I’ve been curious about wine for a long time. But I rarely ordered or bought wine because I didn’t know what I was doing.

And I am very (overly) worried about doing or saying something that shows I’m out of place in any way.  So rather than ask questions of a server that might show I don’t know all the right wine terms, I just order something else.

This year I’m working on getting over that as I start to visit local wineries and just try things and buy what I like.

As I do that, I continue to remind myself that it’s not necessary for me to become an expert or to be able to talk about wine like a sommelier.  This is something I’m doing for me, because it’s fun and it gives me another way to look at Florida and anywhere else I’m traveling.

Letting go of the goal of becoming an expert (or the fear of show how little knowledge I have) is freeing.    I have avoided many things just because I didn’t want to show my ignorance.  So I’m going to be asking dumb questions and tasting wine in the “wrong” way (I’ve probably already done that).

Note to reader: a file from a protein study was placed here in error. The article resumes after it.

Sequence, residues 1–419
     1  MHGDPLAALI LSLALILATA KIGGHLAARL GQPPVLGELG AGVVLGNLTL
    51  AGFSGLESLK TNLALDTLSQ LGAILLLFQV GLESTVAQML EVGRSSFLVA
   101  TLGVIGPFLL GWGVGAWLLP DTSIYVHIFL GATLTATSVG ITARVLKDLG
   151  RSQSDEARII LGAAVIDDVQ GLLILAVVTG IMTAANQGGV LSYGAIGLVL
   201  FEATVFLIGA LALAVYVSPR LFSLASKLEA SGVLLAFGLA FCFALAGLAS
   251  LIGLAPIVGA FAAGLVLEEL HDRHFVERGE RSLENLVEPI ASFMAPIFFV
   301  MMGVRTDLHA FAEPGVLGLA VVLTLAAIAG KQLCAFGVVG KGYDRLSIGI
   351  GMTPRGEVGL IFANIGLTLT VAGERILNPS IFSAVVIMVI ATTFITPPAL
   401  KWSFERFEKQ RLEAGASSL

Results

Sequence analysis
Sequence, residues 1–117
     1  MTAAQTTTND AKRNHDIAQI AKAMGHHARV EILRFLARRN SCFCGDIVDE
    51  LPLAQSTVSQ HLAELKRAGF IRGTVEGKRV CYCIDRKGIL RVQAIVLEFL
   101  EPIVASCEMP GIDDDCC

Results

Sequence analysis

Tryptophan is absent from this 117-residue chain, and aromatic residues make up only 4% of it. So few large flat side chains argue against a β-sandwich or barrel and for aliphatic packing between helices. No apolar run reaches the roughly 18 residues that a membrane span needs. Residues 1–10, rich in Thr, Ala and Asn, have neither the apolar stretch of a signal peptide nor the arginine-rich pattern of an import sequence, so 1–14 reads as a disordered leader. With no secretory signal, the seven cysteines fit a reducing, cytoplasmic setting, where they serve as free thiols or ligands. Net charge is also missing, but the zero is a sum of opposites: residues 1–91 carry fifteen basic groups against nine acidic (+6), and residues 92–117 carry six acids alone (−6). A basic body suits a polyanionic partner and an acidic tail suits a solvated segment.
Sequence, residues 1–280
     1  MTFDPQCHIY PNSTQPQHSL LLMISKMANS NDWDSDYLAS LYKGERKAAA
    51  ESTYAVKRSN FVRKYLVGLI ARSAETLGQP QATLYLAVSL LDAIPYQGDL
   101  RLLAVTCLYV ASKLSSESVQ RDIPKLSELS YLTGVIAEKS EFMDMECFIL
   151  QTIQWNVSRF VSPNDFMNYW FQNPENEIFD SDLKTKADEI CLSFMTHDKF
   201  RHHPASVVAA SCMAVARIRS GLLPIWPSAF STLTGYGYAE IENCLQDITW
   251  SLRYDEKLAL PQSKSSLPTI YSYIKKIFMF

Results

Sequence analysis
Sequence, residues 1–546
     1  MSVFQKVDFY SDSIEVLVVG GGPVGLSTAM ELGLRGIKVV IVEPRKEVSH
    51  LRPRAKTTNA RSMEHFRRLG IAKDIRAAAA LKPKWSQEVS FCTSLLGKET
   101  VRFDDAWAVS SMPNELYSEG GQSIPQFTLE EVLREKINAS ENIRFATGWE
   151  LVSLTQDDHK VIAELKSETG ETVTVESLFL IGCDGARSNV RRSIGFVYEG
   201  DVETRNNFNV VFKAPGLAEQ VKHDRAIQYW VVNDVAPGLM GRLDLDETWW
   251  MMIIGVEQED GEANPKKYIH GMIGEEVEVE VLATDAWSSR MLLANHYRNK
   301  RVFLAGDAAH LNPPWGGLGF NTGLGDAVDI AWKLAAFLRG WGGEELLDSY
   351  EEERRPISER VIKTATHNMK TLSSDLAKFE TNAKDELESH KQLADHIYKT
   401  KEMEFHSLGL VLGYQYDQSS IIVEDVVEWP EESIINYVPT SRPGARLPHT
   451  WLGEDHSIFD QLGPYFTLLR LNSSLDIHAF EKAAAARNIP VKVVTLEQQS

And I’m sure someone is going to smirk when I decide I like a particular wine but can’t describe it other than to say it tastes great.  I’m still going to have fun with it – already am – and do me.

Here and there I’m going to do some reading, maybe even take a class to learn more, but I won’t wait to have the knowledge.  This Wine 101 article in the WSJ about how to taste a wine is a first step.

Later this week I’ll post something about my visit in November to Arrington Vineyards in Tennessee – which was a lot of fun.

 

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